The night he dreams of hundreds of black bears dancing slow heavy dances round and round in the moonlight in the courtyard till he wakes up in the middle of the night and hears the same sounds.

Next morning they are all wakened and had breakfast with Beorn who was in a jolly mood. Yesterday he investigated the area over the river, in a bear form, and saw that their story was true. He caught a goblin and warg and interrogated them; they are still angry and hunting for the dwarves, and are preparing a raid in the area to take vengeance. He then killed them both; the goblin's head was stuck outside the gate and a warg-skin was nailed to a tree just beyond. Gandalf then tells him their whole story about Erebor and Smaug. Beorn then provides ponies and a horse, and food to last them for weeks (nuts, flour, dried fruits, pots of honey, twice-baked cakes) and also skins for carrying water, and bows and arrows.

Beorn warns them about Mirkwood they will soon traverse. He says that the Old Forest Road they were going for, is used by goblins and is impassable; they should enter and follow the Elf-path to the north until the Long Marshes. He also told them that they should not stray from the path, and should not touch a stream carrying enchanted drowsiness and forgetfulness. Also, there is nothing edible.

All that morning they are busy with preparations, and after the midday meal they mount the steeds. The sun has only just turned west, and in the evening when the dusk comes on and the peaks of the mountains glower against the sunset they make an uneasy guarded camp.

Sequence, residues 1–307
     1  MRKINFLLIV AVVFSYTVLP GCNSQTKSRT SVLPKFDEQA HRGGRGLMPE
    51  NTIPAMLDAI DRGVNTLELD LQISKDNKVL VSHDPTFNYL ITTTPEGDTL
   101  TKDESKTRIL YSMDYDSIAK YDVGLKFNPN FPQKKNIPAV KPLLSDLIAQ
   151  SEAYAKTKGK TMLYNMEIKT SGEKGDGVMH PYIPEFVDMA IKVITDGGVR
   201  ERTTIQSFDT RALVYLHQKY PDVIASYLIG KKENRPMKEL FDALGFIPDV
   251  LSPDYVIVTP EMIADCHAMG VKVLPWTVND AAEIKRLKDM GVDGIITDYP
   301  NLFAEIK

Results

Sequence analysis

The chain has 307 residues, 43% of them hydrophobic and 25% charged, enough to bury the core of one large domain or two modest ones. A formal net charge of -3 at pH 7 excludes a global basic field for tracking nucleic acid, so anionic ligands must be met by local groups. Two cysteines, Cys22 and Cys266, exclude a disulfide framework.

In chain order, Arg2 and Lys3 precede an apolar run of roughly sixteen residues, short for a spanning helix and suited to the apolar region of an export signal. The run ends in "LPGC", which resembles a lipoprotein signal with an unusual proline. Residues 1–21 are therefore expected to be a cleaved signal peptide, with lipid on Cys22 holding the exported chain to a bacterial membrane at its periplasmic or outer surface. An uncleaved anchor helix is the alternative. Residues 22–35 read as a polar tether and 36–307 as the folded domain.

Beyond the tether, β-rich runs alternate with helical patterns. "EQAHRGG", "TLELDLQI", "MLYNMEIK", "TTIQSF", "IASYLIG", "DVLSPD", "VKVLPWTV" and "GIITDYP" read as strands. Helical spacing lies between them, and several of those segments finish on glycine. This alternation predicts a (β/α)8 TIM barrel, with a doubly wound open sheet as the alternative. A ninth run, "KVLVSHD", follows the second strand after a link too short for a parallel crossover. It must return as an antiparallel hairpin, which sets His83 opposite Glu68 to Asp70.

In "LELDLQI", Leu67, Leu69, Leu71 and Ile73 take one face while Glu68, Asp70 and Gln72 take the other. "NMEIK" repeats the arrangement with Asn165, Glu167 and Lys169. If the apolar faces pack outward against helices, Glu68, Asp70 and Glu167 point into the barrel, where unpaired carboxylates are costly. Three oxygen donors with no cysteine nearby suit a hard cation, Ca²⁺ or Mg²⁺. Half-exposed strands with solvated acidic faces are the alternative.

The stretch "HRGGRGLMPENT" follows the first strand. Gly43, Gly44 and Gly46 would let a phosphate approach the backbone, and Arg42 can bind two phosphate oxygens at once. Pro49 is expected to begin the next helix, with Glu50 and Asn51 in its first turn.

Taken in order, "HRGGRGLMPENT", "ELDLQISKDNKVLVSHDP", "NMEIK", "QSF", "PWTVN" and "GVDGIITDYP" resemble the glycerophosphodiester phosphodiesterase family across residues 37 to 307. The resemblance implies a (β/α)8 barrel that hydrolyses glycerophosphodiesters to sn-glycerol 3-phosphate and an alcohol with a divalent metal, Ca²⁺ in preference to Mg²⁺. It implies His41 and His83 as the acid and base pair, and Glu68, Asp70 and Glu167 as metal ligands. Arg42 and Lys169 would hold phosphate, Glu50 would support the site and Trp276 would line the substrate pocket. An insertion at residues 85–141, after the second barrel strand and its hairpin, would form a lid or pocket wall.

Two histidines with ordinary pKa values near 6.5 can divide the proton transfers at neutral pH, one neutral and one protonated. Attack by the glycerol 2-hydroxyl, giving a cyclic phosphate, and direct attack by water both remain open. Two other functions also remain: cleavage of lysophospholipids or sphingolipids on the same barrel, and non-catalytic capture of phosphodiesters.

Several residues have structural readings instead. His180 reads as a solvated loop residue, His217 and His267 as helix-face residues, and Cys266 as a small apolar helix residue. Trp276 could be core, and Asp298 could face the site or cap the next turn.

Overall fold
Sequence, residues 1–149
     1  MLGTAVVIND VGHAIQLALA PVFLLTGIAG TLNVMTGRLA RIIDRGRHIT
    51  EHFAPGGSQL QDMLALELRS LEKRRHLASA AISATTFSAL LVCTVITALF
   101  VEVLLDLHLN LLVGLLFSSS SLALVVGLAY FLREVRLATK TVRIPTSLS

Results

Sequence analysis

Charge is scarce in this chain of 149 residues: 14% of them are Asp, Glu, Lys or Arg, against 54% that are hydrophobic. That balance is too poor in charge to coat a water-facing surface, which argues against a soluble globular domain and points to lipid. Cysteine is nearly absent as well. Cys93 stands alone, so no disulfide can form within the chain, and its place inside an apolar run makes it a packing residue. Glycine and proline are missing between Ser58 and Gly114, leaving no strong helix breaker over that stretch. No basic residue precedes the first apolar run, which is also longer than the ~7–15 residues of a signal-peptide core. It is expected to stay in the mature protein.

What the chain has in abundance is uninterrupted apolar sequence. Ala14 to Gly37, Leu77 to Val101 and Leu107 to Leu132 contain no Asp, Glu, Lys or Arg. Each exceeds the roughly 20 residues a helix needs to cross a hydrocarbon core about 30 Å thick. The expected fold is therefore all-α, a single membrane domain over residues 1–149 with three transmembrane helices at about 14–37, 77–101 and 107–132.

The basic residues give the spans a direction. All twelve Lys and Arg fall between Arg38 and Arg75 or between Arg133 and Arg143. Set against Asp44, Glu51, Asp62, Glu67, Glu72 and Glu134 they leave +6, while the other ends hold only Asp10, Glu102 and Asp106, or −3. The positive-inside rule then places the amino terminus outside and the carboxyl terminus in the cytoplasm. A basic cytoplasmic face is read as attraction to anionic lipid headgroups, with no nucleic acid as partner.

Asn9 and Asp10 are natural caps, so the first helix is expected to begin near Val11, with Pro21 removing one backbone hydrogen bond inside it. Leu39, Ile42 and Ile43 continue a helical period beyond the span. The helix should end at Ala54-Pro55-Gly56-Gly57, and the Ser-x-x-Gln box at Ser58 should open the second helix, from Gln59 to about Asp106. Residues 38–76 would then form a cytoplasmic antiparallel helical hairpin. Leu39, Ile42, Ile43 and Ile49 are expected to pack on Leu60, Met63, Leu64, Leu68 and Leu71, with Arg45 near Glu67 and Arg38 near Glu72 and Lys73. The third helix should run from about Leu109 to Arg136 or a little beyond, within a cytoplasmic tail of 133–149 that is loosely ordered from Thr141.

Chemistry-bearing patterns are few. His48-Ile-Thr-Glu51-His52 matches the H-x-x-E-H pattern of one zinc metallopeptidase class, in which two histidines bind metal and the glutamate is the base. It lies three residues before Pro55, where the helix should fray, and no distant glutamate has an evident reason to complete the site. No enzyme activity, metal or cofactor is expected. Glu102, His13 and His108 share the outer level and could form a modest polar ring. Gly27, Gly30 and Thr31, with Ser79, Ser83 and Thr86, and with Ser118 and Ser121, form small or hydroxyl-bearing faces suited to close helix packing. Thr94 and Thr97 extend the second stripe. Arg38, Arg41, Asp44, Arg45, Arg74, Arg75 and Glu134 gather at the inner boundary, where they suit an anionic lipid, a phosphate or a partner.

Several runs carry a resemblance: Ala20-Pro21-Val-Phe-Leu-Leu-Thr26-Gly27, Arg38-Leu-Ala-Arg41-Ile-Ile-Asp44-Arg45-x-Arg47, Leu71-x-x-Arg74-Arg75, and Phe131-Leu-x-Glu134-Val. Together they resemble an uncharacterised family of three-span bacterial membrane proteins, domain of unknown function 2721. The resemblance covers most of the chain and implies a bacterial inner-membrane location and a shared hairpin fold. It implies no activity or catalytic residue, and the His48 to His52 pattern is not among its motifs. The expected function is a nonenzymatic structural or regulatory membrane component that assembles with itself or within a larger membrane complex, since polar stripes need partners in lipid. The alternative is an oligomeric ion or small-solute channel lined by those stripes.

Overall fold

For the next two days, they see nothing save grass, flowers, birds, scattered trees, and occasionally small herds of red deer. The third evening they are so eager that they ride still into the night; as the light fades Bilbo notices a bear stalking them. The next day, they approach the forest and a silence begins to draw: birds sing less and there are no more deer or rabbits. By the afternoon they reach Mirkwood. It is when Gandalf reminds over their protests that he will leave, as he is late to his pressing business away south.

Tomorrow morning they fill their water-skins at a clear spring they found close to the forest-gate, and agreed to leave their ponies behind (as promised to Beorn) and Gandalf takes them with him to Beorn.

They each shoulder the heavy pack and the water-skin and enter the forest


  1. Calculations by Andreas Moehn
  2. J.R.R. Tolkien, The Hobbit, "Queer Lodgings" - "Beorn had said that they should reach the forest-gate early on the fourth day"